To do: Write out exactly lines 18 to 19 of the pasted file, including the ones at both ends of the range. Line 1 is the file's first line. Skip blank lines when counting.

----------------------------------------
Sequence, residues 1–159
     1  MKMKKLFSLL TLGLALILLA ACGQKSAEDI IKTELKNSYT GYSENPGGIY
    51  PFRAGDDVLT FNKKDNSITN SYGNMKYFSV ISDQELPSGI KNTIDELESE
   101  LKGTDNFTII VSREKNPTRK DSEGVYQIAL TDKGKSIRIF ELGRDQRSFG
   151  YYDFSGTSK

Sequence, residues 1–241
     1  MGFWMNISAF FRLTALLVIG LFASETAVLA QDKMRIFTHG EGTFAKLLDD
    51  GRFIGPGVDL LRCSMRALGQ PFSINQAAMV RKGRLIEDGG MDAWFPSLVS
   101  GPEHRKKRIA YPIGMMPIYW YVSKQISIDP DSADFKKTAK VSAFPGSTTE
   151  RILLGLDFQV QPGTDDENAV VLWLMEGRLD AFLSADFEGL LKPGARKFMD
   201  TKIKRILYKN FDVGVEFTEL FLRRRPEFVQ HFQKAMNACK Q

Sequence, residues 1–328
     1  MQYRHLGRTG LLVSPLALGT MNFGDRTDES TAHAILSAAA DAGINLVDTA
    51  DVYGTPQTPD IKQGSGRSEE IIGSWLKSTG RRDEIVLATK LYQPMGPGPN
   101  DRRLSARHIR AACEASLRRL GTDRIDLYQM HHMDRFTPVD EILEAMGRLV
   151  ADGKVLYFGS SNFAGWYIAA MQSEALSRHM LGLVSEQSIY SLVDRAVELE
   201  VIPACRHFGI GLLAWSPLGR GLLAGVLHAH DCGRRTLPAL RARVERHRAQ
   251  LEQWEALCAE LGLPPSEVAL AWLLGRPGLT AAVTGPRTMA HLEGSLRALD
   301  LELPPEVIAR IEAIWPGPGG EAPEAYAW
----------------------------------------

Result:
   251  LEQWEALCAE LGLPPSEVAL AWLLGRPGLT AAVTGPRTMA HLEGSLRALD
   301  LELPPEVIAR IEAIWPGPGG EAPEAYAW